ball point pens
florist tape – green or brown
hot glue gun (adult supervision suggested)
clip the flowers so that there is about 1-2 inches of stem
put a dot of hot glue on one side of the pen, near the top
press the flower’s stem into the hot glue and hold in place for about 5 seconds, or until set
set aside to dry for about 1 minute (work on other pens during this time)
starting at the top of the pen, wrap the pen with florist tape about half way down
place the ‘flowers’ in a little vase or container to display

Go With The Flow

A clear plastic bottle or jar with a tight-fitting, screw-on cap or lid (a clear plastic water bottle works great)
Liquid hand soap that has glycol stearate in it (The brand we used is Colgate-Palmolive’s Softsoap, but any brand of liquid soap with glycol stearate — not glycol distearate — will work; check the ingredients on the label.
Food coloring
Clear tape
Fill the bottle or jar about 1/4 full with liquid soap. Add a drop or two of food coloring. The coloring will make the swirls easier to see.
Turn on your faucet so you have just a trickle of water. Use that to fill up the rest of the bottle. (If you run the water too hard, you’ll get foam.) Make sure that the water fills the bottle all the way to the very top.
Screw the cap on the bottle. Turn the bottle upside-down a few times to mix the soap and water. If you get foam, take the cap off and trickle some more water into the bottle. The foam will run over the edge. Recap the bottle tightly.
Dry the bottle and the cap, then wrap clear tape around it so the bottle won’t leak.
Twirl the bottle slowly. What do you see? What happens when you stop twirling the bottle? What happens if you spin it quickly?
Try shaking the bottle up and down or side to side. What different patterns do you see inside the bottle?
If the liquid inside the bottle looks like it’s all one solid color, just twirl or shake it again to make more patterns. If the cap on the bottle is sealed, Go with the Flow can last for years
(Note: If you find a really pretty plastic bottle or jar, you can give this to someone as a gift!)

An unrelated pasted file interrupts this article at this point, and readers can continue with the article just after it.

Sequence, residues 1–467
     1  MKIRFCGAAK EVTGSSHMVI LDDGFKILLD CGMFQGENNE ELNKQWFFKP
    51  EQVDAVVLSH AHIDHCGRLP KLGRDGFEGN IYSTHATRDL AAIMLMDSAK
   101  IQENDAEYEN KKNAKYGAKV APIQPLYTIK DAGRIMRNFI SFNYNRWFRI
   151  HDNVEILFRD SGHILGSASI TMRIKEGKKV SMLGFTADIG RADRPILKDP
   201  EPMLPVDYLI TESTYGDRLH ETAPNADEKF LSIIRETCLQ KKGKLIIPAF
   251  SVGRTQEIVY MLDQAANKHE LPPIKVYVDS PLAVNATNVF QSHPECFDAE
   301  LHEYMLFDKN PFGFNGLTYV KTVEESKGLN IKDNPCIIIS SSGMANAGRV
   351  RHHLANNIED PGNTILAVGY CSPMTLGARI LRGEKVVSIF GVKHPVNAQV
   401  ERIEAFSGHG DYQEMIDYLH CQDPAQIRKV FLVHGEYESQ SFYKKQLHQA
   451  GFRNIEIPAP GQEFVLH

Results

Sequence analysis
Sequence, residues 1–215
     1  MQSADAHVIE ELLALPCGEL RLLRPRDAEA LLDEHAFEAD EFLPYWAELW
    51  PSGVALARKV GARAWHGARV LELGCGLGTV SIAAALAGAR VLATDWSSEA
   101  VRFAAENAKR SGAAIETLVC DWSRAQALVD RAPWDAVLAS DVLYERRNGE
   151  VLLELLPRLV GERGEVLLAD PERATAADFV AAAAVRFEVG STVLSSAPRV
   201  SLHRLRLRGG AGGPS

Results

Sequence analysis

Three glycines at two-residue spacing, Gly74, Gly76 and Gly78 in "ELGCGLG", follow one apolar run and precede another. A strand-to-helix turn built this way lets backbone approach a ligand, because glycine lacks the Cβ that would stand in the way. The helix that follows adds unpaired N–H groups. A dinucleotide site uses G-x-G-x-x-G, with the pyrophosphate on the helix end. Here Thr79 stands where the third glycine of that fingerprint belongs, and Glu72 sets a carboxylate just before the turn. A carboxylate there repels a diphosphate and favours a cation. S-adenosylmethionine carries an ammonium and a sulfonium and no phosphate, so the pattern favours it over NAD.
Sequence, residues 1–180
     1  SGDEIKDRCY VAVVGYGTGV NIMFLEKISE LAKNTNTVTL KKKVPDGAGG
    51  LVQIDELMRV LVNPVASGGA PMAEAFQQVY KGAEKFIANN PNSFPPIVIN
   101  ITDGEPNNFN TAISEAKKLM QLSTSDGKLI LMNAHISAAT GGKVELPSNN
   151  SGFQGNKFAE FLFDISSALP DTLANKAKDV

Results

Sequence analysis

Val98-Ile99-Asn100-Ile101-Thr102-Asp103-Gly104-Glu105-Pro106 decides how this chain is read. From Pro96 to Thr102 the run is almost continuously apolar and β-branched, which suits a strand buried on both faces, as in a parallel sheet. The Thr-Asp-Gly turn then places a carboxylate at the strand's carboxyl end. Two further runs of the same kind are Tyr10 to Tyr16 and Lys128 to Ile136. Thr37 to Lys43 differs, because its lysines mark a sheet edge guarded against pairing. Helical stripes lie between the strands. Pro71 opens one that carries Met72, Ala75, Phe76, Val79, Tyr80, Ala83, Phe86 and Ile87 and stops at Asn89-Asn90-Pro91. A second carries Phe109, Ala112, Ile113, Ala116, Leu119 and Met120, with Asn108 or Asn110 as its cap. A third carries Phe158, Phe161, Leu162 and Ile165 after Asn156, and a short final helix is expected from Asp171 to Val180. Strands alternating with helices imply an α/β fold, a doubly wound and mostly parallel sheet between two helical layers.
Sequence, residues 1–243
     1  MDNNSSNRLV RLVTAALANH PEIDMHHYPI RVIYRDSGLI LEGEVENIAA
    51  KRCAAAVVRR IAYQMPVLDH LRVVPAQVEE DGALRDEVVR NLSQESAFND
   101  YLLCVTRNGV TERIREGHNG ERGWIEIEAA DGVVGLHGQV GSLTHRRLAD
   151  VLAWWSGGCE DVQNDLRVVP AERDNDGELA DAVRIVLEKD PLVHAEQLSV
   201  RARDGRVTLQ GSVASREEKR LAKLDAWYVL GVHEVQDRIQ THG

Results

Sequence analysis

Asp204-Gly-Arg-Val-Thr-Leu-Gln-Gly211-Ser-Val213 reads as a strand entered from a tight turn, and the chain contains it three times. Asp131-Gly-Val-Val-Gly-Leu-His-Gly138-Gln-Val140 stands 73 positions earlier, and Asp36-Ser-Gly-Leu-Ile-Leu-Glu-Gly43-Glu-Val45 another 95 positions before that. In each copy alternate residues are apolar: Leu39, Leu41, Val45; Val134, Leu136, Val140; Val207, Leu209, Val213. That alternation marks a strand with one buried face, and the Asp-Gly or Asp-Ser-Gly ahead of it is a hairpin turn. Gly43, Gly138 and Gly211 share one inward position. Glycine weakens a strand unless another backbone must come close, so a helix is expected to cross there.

measuring cup
zipper-lock plastic sandwich bags
paper towel
baking soda

Bubble Bomb

Figure out where you want to explode your Bubble Bomb. Sometimes the bags make a mess when they pop, so you may want to experiment outside. If it’s a rainy day, you can explode your Bubble Bombs in the bathtub or sink.
It’s very important to use a bag without holes. To test the zipper-lock bag, put about half a cup of water into it. Zip it closed and turn it upside down. If no water leaks out, you can use that bag. Unzip it and pour out the water. If the bag leaks, try another one. Keep testing bags until you find one that doesn’t leak.
Tear a paper towel into a square that measures about 5 inches by 5 inches. Put 1 1/2 tablespoons of baking soda in the center of the square, then fold the square as shown in the picture, with the baking soda inside. This is your “time-release packet.”
Pour into your plastic bag:
1/2 cup of vinegar
1/4 cup of warm water
Now here’s the tricky part. You need to drop the time-release packet into the vinegar and zip the bag closed before the fizzing gets out of control.
You can zip the bag halfway closed, then stuff the packet in and zip the bag closed the rest of the way in a hurry. Or you can put the time-release packet into the mouth of the bag and hold it up out of the vinegar by pinching the sides of the bag. Zip the bag closed and then let the packet drop into the vinegar.